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Let’s Break Down the Meaning of “Drought-Tolerant”

Posted on May, 02

We have many customers wanting drought-tolerant perennials; and rightfully so, we live here in Texas, with some very intense summers. But the term “drought tolerant” may lead you to believe you don’t have to water them at all, because they can handle dry conditions. However, this is only partially true, because you still need to water drought tolerant perennials, especially if this is the first year of being planted: they need to establish their roots before they become truly drought tolerant.

So what does this mean for you?

You want to start by planting perennials with a 50/50 mix of Covington’s soil builder and native soil. Once planted, be sure to mulch around your plants. It would be best to water by hand with a water hose at least three times a week, unless we have substantial rainfall. Please do not rely on your sprinkler to cover the entire root ball of a large tree or shrub — unless you’re running it for long periods at a time — and even then, that could lead to overwatering other things such as bedding plants, that have fewer roots.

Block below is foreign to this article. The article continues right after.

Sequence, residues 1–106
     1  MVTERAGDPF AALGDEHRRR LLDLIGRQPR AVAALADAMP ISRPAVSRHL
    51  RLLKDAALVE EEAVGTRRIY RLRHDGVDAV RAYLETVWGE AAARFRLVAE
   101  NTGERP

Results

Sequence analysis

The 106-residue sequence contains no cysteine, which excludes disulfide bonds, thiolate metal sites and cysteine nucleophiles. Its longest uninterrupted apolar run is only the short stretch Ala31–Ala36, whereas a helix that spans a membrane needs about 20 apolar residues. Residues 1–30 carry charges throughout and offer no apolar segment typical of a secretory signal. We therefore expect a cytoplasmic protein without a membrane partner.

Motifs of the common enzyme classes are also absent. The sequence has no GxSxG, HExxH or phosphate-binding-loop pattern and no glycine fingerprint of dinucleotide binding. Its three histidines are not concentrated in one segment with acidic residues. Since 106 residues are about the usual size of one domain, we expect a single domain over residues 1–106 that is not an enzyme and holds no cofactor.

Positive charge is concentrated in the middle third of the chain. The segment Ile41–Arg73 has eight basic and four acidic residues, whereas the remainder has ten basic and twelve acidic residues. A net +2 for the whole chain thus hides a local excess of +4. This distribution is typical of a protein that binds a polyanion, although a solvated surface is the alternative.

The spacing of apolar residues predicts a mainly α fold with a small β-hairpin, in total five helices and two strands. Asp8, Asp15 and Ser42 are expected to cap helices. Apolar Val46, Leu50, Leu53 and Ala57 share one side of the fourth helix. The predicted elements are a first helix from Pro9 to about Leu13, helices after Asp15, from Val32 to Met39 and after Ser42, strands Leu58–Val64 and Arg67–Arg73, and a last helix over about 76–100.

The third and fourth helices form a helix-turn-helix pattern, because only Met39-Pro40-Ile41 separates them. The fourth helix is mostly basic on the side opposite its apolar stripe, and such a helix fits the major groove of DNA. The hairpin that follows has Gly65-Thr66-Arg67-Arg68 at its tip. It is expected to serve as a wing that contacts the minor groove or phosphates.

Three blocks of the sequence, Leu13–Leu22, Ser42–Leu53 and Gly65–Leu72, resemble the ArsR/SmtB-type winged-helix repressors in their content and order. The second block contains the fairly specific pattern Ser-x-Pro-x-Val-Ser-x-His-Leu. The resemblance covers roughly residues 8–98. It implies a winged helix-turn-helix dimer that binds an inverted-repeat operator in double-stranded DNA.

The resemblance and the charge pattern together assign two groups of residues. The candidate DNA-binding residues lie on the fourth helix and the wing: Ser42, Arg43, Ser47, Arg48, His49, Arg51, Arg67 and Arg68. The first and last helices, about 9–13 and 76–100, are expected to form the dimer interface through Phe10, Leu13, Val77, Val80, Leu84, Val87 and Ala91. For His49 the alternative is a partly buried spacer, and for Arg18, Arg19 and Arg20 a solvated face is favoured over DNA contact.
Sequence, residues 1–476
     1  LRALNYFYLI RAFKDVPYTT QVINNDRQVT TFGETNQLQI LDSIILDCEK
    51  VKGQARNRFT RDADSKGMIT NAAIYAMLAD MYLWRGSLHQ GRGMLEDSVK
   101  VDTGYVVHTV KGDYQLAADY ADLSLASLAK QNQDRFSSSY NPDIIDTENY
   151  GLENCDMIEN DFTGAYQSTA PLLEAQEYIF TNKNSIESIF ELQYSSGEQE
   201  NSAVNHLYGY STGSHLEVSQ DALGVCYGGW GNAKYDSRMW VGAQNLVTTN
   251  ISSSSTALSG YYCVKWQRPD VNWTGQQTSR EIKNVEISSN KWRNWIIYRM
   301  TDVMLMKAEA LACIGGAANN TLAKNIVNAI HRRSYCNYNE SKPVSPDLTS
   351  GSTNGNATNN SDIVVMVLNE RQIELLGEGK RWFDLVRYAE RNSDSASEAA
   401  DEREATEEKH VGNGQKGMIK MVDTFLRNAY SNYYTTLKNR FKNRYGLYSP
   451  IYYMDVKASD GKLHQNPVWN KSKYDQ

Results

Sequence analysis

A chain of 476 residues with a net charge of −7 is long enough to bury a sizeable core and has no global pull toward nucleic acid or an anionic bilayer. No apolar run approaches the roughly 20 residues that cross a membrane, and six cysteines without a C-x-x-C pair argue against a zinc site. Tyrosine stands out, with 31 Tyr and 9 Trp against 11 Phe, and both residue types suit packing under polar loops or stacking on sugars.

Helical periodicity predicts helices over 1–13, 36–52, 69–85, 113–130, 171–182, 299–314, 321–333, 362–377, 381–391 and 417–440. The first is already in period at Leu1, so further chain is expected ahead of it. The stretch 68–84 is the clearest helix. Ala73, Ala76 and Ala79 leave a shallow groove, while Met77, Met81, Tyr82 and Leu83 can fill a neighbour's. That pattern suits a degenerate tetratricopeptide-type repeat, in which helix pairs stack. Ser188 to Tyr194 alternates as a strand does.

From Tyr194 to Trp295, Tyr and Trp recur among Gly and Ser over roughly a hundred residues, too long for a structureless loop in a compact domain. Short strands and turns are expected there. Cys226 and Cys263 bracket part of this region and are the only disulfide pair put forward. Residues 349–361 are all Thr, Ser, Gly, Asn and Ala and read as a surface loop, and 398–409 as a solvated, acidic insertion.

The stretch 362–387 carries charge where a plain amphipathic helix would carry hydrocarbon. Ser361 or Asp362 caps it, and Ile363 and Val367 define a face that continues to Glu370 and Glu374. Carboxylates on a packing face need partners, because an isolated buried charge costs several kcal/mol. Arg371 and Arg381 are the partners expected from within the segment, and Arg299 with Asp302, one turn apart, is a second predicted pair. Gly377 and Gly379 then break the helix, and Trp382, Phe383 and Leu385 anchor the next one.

The good news is, they establish pretty quickly, so typically, you only have to do this the first summer.  By the second summer, you’ll still want to keep them mulched, but you won’t have to water nearly as much. Before you know it, you will have a relatively maintenance-free garden. All you need to do is sit back and enjoy the beauty you have created with all of your splendid new perennials!

Check out Gardening with Texas Tough Perennials here
for gardening tips and some heat-tolerant plant selections to keep your gardens and landscapes colorful all summer long! As always, call 972-475-5888 Ext 2 if you have questions, and inquire about current stock.